A few notes from Bob on this: "About Roberts and Taylor: their focus was the ARPANET. While it is absolutely fair to say that Larry led this project, a lot of credit has to go to BBN for designing and implementing the IMP - Bob Kahn led the design of the IMP - he was the senior architect. Dave Walden and many others worked with him. Severo Ornstein did the hardware design. Frank Heart managed the engineering team though Bob was from a different department so was not directly under Frank's management. Larry and Bob don't distinguish ARPANET and Internet but Bob Kahn and I feel that's incorrect. The ARPANET was a homogeneous network of inhomogeneous computers (and operating systems) and proved the value of packet switching. The Internet allowed the interconnection of arbitrary numbers of heterogeneous packet networks and created the end to end protocols needed to make that work. Internet would not exist were it not for ARPANET's pioneering trailblazing. Steve Crocker led the development of the ARPANET host protocol: NCP. I worked on that along with Jon Postel and Bob Braden at UCLA. TCP/IP took advantage of lessons learned with NCP and the forces that shaped the Internet: different capabilities of the networks that made up the Internet."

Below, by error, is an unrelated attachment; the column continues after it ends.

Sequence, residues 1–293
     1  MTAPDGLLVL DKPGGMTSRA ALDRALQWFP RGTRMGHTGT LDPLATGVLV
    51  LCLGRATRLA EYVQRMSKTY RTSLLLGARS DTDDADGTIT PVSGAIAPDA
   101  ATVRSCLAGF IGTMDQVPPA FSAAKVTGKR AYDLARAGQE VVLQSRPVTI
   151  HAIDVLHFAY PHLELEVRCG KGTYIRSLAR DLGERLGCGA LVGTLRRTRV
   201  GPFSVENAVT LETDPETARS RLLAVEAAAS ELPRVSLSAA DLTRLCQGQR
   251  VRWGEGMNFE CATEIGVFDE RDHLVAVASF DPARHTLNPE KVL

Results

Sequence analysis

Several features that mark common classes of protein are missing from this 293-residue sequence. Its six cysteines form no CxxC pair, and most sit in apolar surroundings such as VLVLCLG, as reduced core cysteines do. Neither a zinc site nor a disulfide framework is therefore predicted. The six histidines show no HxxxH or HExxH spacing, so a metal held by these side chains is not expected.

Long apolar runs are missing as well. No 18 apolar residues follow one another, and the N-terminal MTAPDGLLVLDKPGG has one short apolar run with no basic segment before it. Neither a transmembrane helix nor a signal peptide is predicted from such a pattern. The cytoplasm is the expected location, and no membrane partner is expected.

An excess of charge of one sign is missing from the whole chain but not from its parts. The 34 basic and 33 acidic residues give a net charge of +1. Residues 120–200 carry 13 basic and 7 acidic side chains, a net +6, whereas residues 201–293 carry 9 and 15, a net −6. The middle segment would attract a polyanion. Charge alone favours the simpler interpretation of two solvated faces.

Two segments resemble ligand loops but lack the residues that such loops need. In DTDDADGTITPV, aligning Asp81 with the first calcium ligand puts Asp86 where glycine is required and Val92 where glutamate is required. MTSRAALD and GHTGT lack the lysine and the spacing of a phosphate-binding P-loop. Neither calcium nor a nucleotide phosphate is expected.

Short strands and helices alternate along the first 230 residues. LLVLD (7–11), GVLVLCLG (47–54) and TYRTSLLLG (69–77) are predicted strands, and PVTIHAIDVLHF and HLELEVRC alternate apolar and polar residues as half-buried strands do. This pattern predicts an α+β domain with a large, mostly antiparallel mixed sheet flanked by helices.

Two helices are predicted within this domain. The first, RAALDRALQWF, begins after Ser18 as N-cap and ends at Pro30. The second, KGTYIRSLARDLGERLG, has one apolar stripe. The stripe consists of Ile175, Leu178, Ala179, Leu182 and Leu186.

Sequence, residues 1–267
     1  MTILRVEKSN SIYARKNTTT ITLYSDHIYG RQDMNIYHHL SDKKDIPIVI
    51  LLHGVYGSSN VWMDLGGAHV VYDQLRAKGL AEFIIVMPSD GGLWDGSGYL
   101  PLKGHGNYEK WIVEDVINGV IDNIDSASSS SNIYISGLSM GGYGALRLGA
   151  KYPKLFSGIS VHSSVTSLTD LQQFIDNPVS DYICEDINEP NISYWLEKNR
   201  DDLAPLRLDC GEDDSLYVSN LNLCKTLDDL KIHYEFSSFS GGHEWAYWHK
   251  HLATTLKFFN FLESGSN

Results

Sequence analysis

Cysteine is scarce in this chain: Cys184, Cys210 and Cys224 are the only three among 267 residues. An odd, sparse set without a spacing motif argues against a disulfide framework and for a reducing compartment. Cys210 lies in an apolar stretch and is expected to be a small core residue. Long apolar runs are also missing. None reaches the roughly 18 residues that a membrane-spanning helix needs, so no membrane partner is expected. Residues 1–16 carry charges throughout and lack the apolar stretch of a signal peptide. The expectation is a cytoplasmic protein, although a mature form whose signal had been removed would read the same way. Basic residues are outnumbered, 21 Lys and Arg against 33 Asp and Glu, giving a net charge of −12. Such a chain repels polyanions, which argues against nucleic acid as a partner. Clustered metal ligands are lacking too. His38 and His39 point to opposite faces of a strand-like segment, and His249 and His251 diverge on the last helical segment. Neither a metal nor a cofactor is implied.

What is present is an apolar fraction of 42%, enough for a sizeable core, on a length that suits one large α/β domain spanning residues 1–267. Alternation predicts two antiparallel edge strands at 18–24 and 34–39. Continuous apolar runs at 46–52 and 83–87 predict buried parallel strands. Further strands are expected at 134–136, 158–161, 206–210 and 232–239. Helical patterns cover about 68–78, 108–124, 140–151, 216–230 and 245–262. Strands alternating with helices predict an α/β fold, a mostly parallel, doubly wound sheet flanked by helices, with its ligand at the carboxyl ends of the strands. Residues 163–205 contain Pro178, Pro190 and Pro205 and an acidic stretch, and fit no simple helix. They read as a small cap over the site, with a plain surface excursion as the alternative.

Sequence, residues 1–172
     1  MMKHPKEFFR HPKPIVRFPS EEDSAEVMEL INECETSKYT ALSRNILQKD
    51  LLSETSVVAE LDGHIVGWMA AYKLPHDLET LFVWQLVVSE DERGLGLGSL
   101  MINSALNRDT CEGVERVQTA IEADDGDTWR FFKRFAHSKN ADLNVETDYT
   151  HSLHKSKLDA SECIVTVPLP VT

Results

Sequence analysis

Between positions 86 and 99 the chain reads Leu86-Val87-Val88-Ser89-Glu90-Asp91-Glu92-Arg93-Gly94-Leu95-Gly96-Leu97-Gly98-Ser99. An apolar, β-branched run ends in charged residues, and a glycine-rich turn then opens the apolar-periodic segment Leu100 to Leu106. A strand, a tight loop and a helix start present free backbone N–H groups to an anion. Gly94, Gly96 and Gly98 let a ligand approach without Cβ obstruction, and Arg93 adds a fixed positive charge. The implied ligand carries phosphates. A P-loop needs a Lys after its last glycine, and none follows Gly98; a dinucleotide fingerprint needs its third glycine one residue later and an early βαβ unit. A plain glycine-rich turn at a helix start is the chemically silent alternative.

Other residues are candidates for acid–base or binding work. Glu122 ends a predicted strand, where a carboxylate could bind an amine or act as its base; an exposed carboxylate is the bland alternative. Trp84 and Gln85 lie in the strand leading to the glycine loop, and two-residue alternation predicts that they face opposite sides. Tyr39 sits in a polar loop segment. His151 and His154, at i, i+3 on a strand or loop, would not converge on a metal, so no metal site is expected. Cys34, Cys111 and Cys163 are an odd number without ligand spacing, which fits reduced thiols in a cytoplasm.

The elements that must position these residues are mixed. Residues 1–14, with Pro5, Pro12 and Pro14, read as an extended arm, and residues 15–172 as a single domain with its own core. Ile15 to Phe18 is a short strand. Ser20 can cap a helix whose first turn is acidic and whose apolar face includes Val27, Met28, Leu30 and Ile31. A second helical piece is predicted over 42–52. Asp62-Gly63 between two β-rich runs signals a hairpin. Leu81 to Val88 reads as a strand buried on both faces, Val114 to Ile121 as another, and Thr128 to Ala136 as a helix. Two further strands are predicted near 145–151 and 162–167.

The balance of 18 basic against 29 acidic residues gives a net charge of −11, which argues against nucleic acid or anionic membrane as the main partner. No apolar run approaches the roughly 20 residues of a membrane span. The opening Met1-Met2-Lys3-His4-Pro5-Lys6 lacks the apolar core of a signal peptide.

Additional comment from Bob on the different versions of the history of the net, courtesy of Dave Farbers IP list:

From: Bob Taylor Date: October 6, 2004 2:45:03 AM EDT To: David Farber
Subject: [IP] more on 35th Anniversary of the Internet (well the start of the Arpanet anyway djf)